For example, the armor-protected aliens of Occupation: Rainfall bear a striking resemblance to those from Fox TV’s stellar 1995-1996 SciFi/Action series Space: Above And Beyond. Their fighter craft? Well, upon closer inspection I found them to look an awful lot like those already soaring onto silver screens worldwide in Roland Emmerich’s popular Independence Day (1996). And a handful of the film’s action sequences? Again, I’m not trying to point fingers, but didn’t I see some of this – or snippets very similar – in Jonathan Liebesman’s Battle Los Angeles (2011)? Though I’m not trying to pick a fight or start a war with anyone, my chief concern in trying to approach Rainfall independently is difficult because so very, very, very much of it felt derivative.
Now, this isn’t to say the picture isn’t well done.
The downside to that? Well, their best moments are lost in a helluva lot of noise.
The relationships in the film aren’t exactly very well spelled out, and the result ends up producing a wide array of players who spend most of their time running, shooting, screaming, flying, fighting, etc. Multiple alien species were involved in this original assault on the Earth, but – as some of them have paired up with humans wishing to bring the fighting to an end – even they don’t get the kind of explanation required to make sense of who they are, why they’re necessary, and what role they could inevitably play in all of this. The script even introduces a secret American project – tied closely to the title – that ends up being more of a distraction here when it should feel organic to the saga. Nothing quite gels together the way it should, and the result kept me asking a lot of questions that apparently have no answers.
The aforementioned Independence Day – as a solo picture – accomplished great balance with its impressively large cast because everyone had a singular purpose. Some were rather obviously meant to be victims in the alien onslaught, but their deaths were necessary in order to stir the remaining significant survivors on a call-to-arms. (That’s damn near fundamental in films of this type.) But Rainfall – even at its midpoint – is still introducing characters (some from the first film), and they’re never quite doing anything other than reacting to the story as plotted. A vastly more interesting film could’ve been achieved by slimming down this cast and focusing on that central relationship (Matt and Garry) and maybe a second subplot; what we’re left with instead feels like a conclusion rushed (and a bit unclear) for the sake of tying this installment up, getting it in theaters, and securing funding for a third. Very little is brought to effective closure here – well, I’m sure the former population of Sydney, Australia might disagree, were they still alive – and I’m left wondering why.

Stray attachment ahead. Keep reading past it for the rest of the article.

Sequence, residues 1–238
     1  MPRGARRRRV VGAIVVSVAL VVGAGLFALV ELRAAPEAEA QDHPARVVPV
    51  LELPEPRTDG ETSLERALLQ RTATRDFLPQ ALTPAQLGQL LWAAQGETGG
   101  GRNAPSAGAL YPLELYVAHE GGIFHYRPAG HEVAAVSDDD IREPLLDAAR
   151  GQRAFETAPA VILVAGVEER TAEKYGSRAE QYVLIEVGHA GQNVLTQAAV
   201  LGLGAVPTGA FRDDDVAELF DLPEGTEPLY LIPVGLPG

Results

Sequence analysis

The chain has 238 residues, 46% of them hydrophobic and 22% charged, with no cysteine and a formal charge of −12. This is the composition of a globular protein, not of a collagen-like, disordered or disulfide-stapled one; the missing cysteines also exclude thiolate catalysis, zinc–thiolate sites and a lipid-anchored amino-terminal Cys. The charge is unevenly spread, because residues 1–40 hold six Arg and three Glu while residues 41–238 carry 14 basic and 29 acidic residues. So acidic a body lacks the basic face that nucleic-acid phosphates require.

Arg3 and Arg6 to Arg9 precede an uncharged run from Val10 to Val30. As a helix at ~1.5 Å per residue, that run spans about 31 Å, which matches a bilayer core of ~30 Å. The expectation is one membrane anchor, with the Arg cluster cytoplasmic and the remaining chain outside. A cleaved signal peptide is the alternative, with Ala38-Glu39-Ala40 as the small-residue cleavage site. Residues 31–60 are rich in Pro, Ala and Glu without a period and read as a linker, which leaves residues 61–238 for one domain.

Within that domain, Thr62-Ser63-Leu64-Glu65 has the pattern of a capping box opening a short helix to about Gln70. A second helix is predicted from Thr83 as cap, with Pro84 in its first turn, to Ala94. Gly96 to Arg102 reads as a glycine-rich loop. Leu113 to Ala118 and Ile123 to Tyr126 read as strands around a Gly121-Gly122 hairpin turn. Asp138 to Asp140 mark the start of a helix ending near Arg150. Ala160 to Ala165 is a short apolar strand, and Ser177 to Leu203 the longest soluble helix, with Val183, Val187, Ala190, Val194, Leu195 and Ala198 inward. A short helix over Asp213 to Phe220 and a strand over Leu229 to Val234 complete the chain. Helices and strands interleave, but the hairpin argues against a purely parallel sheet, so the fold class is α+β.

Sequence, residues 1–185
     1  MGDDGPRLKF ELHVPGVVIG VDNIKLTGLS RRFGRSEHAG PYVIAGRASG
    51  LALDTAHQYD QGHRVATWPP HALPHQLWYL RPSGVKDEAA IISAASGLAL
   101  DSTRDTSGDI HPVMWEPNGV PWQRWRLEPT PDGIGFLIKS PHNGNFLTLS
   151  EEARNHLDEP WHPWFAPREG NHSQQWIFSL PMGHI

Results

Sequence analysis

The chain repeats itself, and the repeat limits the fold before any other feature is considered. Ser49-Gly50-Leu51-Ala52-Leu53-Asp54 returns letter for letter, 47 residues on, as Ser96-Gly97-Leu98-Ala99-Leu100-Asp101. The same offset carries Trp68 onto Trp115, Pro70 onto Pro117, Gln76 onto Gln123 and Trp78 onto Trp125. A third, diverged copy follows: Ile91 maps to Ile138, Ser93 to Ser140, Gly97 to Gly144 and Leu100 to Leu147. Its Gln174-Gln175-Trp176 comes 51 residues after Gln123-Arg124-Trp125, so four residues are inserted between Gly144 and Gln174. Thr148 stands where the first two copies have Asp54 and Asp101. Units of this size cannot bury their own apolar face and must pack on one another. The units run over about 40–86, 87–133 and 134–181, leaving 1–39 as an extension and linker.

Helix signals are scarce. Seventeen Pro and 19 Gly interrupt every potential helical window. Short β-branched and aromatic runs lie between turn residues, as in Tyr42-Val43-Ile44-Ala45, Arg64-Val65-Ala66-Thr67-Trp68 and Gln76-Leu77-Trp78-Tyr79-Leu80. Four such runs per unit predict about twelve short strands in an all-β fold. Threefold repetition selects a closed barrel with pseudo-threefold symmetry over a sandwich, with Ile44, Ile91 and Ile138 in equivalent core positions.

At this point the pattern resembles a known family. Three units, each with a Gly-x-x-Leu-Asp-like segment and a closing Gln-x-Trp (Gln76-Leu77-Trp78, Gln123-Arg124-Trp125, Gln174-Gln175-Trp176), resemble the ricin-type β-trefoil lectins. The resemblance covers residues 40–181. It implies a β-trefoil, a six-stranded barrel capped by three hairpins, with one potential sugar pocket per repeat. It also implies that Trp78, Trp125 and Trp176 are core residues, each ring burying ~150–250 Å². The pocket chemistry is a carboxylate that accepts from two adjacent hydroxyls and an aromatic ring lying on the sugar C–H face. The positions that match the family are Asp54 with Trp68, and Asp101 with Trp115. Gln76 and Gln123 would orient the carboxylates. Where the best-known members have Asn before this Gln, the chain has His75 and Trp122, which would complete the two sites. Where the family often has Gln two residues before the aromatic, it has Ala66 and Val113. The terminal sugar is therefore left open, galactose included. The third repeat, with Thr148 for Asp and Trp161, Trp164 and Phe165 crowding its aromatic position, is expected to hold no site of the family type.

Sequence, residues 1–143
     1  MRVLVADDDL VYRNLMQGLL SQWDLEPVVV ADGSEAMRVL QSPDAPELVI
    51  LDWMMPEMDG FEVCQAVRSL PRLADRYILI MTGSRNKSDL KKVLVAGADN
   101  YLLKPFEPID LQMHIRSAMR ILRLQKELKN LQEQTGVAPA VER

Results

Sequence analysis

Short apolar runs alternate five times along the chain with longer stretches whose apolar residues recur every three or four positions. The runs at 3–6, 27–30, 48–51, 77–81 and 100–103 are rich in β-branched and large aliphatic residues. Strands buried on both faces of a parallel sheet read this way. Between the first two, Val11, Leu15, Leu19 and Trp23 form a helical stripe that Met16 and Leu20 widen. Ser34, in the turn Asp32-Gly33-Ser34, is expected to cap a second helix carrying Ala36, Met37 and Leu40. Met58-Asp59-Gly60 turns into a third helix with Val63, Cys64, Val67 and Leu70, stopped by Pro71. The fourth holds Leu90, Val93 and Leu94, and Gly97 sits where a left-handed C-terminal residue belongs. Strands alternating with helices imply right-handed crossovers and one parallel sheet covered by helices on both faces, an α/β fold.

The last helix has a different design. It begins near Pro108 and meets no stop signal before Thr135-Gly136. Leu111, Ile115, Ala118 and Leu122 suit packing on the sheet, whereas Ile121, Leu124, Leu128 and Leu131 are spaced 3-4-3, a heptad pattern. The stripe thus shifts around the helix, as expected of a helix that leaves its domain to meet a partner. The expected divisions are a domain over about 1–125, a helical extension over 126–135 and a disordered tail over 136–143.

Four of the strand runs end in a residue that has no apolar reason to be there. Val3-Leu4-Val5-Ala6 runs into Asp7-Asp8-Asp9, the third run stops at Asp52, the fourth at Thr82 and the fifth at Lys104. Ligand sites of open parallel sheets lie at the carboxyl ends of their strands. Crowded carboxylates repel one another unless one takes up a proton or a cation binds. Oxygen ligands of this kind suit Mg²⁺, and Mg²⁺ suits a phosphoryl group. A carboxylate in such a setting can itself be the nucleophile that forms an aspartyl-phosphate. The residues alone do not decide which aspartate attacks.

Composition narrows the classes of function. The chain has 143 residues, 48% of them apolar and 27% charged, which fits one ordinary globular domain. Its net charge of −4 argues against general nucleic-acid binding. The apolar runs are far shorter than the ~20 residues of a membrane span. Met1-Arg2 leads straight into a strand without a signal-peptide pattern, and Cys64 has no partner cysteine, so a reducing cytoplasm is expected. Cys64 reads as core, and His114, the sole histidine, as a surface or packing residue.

Dare I say it makes me long for the days of Crocodile Dundee?
Occupation: Rainfall (2020) was produced by Occupation Two Productions and Sparke Films. The feature is currently available around the world on various streaming platforms as well as Cable VOD.
Recommended. You know, at some point the worldwide Liberals and Progressives who push even the mildest politically-driven stories really ought to put-up or shut-up: since our world only has ten years left due to the “damage” we’ve inflicted on it with the burning of fossil fuels, maybe these invading aliens would be better served by taking some other planet? Certainly, these aggressors don’t seem all that concerned with the amount of soot and ash they’re releasing in our atmosphere, so I really think the solution practically writes itself.
In the interests of fairness, I’m pleased to disclose that the fine folks at Saban Films provided me with a complimentary streaming link for Occupation: Rainfall (2020) by request for the expressed purposes of completing this review; and their contribution to me in no way, shape, or form influenced my opinion of it.